Image by Klass Jan van der Weij taken at Paris-Roubaix 26 years ago
If you ask people who inspired them to ride a bicycle you’re likely to get a fond, albeit a limited response; possibly a family member, best friend, or hero. Ask people who inspired them to go out and actually purchase a bicycle and you are likely to receive a wider variety of answers. For me, it was Greg LeMond.
A winner of 3 Tours de France and 2 world championships, Greg LeMond continues to have an impact on the sport through racing commentary and a culture of disruptive innovation. LeMond was the first American to win the Tour, and after Floyd Landis and Lance Armstrong both being disqualified, he remains the only American to officially keep his name on the yellow jersey.
Here are three stages that made Greg LeMond stand out:
Greg LeMond describes the talented Bernard Hinault as the ‘Eddy Merckx’ of his time; the very best of his generation. As a promising young rider, LeMond is courted to join the top racing team, Renault, by the imposing ‘father-figure’ that is Hinault. LeMond goes on to help his captain win further Tour de France titles, totalling 5 wins by 1985. Reportedly, Hinault pledges to LeMond that he will repay the favour and help his younger teammate win in the following year, but racing is never easy, especially amongst giants.
Young and in Yellow – LeMond in 1986
By the late 80’s LeMond had other Goliath’s in his life. Following a life threatening gunshot wound during a hunting accident, LeMond propels himself back to mental and physical shape, whilst seeking every opportunity to adopt technology to help him reach the top. 1989 was such a year as this; separated by only 50 seconds, the defending champion and leader of the Tour, Laurent Fignon, takes the battle right down to the final stage in his home city of Paris, France. Controversially, LeMond rolls to the start ramp with the latest tech of the time: donning an aero helmet and tri-bars. It’s revolutionary, feisty and electrifying.
The seesaw drama of 1989 getting down to the wire
Not so much a Tour stage, but a life stage; Greg LeMond produces his own line of bicycles. At first with traditional steel materials, followed in 1991, with carbon fibre. LeMond continues to define the pioneering cyclist.
I first laid my eyes on a Greg LeMond frame at my friendly local bike shop. After admiring the many bicycles on offer, I plucked up the courage and asked the manager what he rode. He went round the back before proudly presenting to me a stunning LeMond steel road bike in dashing red. It was an emotional moment.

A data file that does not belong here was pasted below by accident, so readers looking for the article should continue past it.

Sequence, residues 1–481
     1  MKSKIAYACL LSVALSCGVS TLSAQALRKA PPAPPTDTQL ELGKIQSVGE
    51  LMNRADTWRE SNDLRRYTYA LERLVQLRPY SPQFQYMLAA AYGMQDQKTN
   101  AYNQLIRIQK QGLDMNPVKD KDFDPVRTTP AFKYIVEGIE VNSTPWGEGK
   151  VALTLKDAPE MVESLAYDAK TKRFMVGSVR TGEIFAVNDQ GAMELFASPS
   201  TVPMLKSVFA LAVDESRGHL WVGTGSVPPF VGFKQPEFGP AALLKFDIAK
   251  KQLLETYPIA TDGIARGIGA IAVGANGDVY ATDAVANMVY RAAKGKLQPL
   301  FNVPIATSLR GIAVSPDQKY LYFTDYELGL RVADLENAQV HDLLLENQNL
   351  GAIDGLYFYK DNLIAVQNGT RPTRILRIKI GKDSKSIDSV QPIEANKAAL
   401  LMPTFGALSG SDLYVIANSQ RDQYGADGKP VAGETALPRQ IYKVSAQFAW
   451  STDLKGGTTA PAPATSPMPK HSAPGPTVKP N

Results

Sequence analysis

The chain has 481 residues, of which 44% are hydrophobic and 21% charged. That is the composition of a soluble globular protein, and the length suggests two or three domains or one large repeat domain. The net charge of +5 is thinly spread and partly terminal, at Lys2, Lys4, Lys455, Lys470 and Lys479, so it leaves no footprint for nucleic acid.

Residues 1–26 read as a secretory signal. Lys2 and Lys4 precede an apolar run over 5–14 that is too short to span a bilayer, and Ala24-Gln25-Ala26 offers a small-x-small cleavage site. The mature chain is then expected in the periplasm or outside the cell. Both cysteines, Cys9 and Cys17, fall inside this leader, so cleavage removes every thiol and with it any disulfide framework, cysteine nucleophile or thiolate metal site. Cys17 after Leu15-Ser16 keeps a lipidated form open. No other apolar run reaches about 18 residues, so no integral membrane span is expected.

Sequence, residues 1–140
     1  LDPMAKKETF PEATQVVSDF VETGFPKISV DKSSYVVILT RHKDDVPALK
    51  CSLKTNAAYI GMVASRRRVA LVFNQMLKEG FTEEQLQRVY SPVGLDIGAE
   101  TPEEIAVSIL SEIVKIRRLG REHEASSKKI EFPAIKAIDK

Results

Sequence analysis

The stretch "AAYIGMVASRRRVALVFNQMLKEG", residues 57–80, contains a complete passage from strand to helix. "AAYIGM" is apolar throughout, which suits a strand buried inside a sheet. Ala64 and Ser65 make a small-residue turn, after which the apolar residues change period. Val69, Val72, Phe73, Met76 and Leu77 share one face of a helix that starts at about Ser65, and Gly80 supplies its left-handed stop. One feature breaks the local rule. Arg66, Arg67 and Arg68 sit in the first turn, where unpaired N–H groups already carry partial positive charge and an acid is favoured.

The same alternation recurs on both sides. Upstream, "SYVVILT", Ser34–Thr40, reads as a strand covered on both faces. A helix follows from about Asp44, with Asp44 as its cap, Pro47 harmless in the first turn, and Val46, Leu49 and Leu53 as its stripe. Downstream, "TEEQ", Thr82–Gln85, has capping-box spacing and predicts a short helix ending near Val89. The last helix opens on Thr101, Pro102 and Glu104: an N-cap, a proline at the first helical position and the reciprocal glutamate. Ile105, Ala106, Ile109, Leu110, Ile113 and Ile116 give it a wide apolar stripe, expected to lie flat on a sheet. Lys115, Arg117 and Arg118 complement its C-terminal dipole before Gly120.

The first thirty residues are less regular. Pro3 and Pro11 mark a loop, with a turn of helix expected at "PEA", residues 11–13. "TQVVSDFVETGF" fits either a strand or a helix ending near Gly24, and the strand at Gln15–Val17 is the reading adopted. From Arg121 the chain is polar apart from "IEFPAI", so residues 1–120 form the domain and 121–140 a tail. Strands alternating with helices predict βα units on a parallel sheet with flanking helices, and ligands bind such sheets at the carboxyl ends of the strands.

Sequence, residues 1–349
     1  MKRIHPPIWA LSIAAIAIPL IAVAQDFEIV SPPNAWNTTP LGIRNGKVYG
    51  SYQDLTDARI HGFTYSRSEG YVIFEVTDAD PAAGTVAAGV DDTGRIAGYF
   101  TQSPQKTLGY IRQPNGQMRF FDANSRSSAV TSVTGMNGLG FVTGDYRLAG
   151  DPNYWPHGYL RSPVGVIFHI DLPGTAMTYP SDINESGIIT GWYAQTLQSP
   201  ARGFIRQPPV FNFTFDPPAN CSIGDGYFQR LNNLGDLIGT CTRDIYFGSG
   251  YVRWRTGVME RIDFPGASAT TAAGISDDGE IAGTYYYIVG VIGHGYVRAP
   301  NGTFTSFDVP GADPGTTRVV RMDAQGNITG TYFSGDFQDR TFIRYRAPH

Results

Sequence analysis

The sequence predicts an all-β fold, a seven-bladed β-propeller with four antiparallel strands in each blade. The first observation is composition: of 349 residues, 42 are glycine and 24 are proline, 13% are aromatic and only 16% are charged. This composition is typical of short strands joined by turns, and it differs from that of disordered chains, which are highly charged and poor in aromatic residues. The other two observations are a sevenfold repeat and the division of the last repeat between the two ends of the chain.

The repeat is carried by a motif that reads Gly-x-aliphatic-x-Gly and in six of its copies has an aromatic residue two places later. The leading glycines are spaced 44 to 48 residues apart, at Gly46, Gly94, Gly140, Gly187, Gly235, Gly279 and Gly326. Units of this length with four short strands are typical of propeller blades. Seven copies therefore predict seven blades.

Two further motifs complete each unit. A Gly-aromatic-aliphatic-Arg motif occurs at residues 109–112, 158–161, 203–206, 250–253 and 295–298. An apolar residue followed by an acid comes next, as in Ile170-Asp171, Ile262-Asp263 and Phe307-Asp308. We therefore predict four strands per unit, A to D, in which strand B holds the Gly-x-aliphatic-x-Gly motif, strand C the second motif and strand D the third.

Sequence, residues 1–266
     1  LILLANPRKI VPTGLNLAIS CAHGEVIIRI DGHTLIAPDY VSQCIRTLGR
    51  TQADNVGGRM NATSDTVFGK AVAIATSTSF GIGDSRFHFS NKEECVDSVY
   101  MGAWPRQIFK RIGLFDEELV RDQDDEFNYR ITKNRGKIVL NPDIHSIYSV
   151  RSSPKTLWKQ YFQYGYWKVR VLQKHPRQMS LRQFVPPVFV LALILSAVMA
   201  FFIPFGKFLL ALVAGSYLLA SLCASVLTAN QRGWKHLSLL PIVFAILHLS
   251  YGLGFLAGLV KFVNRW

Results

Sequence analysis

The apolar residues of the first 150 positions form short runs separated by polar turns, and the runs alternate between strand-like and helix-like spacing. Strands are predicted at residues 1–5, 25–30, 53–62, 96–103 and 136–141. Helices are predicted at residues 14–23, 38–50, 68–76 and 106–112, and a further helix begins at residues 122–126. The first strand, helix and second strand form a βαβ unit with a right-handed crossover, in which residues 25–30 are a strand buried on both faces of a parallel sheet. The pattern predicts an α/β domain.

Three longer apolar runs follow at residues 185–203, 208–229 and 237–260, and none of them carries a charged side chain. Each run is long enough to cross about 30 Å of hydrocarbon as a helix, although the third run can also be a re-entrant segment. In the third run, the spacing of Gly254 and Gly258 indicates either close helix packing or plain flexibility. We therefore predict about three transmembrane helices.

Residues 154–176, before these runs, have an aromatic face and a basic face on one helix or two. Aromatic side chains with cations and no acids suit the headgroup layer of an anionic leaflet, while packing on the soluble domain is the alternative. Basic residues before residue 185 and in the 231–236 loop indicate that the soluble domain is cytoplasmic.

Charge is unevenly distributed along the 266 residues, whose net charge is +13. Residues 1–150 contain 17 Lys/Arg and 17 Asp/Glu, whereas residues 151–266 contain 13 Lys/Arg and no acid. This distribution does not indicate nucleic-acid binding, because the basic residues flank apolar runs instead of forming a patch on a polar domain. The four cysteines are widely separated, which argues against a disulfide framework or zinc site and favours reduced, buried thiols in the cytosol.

Since that day, I have come to appreciate the man behind the machine. I have watched him battle with Bernard Hinault on Alp d’Huez countless times; learned from his eagerness to seek out opportunities; motivated by LeMond’s positive attitude, especially during his hunting accident and facing all of this with a courageous smile. However, when I think of Greg LeMond, I often see this image that I came across years ago, but can no longer find a copy of; it’s of Greg LeMond lacing up for a CX ride. I don’t know if it was for an event; I like to think it was simply a fun day out for a teenager and his bicycle. Sitting there on the bonnet of his car, LeMond reminds me of the freedom that comes from keeping an open mind and trying new things – on and off the bicycle.
“It never gets easier. You just get stronger.” – LeMond
Cycling has given a lot and, in some ways, taken a big bite out of Greg’s life. In addition to his hunting accident and team politics; the fiasco with Trek and Lance Armstrong took a heavy toll, with LeMond withdrawing from the sport altogether. In an interview with Eurosport, Kathy, Greg LeMond’s wife, describes them turning away from the sport they love as heartbreaking.
A decade on and LeMond is being sought after, almost rediscovered, by the likes of cycling fans, media and business’ in search for a more ‘authentic cycling’ approach. Watching Greg LeMond commentating for Eurosport, it’s as if he never left; he seems to have kept the passion hidden all these years and is over the moon to be involved again.
Alas, Greg LeMond won’t be with Eurosport this July. Instead it seems with the founding of LeMond.com, Greg LeMond is looking to new business horizons. Never straying too far from cycling, he is partnering with Deakin University, Australia, with an aim to produce the next-generation of carbon fibre products for a multitude of industries. Amongst many other qualities, a material that delivers a far more eco-friendly attribute than traditional carbon fibre. We all hope so.
Greg LeMond is not a name everybody may recognise, but I think that’s just how he likes it. Rather than just talking about it, Greg has always seemed to be the kind of person who simply likes getting the job done. Today is Greg’s birthday. Happy Birthday Greg LeMond!